CR:  I think the comic book industry is in a very healthy high point currently.  The successful comic book based films have really brought a tremendous amount of attention and interest to comics. This trend has been going strong and doesn’t seem to be slowing down.  Marvel (studios) has done a pretty good job at consistently putting out solid films, so until they start putting out duds people will still be very interested in comics.  I do think its a little odd how both of the two biggest publishers keep rebooting everything.
Even though I’m not a fan of the variant cover trend, I do think variant covers have rejuvenated the interest for new collectors that are jumping into collecting right now.

RF:  Some collectors enjoy following particular characters and some collect work from their favorite artists or writers.  Which is it for you?
CR:  Well, I think its pretty clear I’m a fan of John Bryne and Chris Claremont but at the end of the day, the X-Men are my favorite characters of all time.  A goal I set for myself in 2015 to finish up my bronze age X-Men run and upgrade any low grade issues I already had.  I did that, plus I now have incredibly high grade personal collection copies of Giant Size X-Men #1 and Incredible Hulk #181, the two most significant X-Men related issues from the 1970’s.

   

RF:  You seem to have an uncanny ability to track down some rare comics “out in the wild”.  Have you just been lucky or is there a secret, super power that we need to know about?  Tell us about some of your finds.
CR:  Well first of all, I want to say thanks for the kind words!
I feel very privileged to have found so many great issues over the years out in the wild.  When I say “the wild,” I don’t mean conventions, stores or online auctions… I mean the spots where they are hidden away… yard sales, flea markets, storage lockers, basements, attics.  There’s something about actually having to dig and psychically work for those significant key issues and when you actually find them, its a serious rush.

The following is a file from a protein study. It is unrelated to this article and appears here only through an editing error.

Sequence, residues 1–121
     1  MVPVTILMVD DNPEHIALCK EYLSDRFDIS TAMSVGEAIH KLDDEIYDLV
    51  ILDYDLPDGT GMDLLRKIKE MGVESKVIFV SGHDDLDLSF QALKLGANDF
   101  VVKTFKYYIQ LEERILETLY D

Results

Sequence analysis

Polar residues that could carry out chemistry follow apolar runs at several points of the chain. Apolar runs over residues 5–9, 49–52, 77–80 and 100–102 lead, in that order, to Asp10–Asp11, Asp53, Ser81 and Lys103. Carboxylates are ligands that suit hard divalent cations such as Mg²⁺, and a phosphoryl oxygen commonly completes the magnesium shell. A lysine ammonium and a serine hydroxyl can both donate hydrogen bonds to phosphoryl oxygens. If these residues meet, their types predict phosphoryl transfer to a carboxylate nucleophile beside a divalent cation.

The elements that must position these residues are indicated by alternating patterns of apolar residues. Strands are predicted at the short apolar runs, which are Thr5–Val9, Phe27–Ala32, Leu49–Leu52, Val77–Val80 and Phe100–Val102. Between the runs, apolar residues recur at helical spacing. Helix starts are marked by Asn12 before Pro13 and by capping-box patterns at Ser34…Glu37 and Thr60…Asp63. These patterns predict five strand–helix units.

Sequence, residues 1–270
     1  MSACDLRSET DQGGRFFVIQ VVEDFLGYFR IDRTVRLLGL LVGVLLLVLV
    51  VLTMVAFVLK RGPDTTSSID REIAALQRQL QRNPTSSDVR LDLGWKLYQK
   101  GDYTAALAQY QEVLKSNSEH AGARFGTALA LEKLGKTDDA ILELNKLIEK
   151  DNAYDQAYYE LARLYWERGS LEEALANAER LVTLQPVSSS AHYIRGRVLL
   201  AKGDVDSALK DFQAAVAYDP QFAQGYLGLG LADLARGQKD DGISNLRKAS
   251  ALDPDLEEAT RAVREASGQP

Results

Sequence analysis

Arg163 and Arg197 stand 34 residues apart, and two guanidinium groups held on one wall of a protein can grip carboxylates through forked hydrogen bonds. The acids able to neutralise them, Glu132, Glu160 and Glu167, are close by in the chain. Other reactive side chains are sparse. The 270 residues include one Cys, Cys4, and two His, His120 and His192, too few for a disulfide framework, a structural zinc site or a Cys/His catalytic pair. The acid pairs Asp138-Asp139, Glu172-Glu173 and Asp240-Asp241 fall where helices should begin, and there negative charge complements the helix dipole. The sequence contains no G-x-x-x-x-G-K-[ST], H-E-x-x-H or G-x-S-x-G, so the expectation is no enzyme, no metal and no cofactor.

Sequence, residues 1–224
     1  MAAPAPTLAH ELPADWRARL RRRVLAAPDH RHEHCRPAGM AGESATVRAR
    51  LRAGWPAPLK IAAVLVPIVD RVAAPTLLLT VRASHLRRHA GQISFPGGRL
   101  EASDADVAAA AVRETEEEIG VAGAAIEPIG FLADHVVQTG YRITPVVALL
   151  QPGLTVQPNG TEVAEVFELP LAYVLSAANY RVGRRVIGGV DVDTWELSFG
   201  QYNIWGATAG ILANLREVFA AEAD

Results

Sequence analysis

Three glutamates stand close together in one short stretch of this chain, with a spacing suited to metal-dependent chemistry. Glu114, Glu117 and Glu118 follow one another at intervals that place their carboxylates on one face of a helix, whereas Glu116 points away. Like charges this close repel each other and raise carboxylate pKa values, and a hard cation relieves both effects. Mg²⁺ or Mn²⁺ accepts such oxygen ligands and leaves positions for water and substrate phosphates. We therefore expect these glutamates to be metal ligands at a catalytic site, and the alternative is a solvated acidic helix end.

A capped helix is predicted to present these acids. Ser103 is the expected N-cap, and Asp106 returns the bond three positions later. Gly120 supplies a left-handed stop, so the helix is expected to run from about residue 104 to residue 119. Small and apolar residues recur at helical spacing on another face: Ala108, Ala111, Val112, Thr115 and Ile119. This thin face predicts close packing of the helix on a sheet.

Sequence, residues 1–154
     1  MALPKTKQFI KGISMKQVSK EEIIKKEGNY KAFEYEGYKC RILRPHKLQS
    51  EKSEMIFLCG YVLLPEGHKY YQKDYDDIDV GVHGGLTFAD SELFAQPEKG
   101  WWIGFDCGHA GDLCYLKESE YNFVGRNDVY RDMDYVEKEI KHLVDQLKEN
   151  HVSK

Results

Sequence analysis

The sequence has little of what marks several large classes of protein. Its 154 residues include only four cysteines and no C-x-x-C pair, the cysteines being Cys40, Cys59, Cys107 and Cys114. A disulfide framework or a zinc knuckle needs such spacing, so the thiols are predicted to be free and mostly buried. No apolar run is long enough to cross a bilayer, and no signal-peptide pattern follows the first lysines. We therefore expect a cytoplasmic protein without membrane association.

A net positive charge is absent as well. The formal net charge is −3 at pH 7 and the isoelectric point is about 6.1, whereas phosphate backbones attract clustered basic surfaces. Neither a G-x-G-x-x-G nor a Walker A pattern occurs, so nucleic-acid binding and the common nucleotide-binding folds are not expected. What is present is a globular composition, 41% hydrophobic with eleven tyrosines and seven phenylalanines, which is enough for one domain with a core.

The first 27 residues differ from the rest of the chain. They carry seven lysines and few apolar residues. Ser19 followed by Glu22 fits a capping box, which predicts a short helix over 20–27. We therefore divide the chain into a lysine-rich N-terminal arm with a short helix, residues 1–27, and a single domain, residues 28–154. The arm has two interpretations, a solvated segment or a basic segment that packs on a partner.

I do feel like I have had some “luck” but I personally think it has a lot more to do with the level of effort I put into to finding each collection and the subtle skill I have to identify the important key issues.  There have been countless mornings I’ve gotten to a flea market or yard sale before the sun came up in hopes of finding something great.  Like most things in life, its all about putting yourself out there and most importantly, just showing up.  Oh and if you are checking out someone’s collection, it always helps to be nice and respectful.  No one likes a snobby jerk.

RF:  Art inspires art. Your band, Solar Cat, has obviously been inspired by comic books.  Tell us about some of your songs and where your music can be found.
CR: Yeah, Solar Cat was a fun side project my girlfriend and I started a few years ago.  The goal of the band was to be weird and write simple garage rock/stoner rock style songs about science and comic book themes.  I was touring hard with Sugar Glyder but when I had any downtime at home, I wanted to write odd music and just get really strange.  Some of my favorite songs are about Fin Fang Foom and Doctors Strange’s Eye of Agamotto. Our latest EP, “Tales from the Savage Land” can be found on bandcamp along with ALL of our other releases.  We’ve also released two music videos. Here are some links to our bandcamp page plus both of our music videos.

Bandcamp – https://solarcat.bandcamp.com

RF:  Finally, if you could think of one interesting personality in the Carolinas, who creates a form of art and enjoys fandom, that you would like to see interviewed next, who would it be? Why?

CR:  Well, there’s this guy named Ray Franks…you might have heard of him.  He owns this store called The Comic Monstore and also plays in a band called The Graveyard Boulevard.  I’d like to hear more about him and how he got his start in the comics business.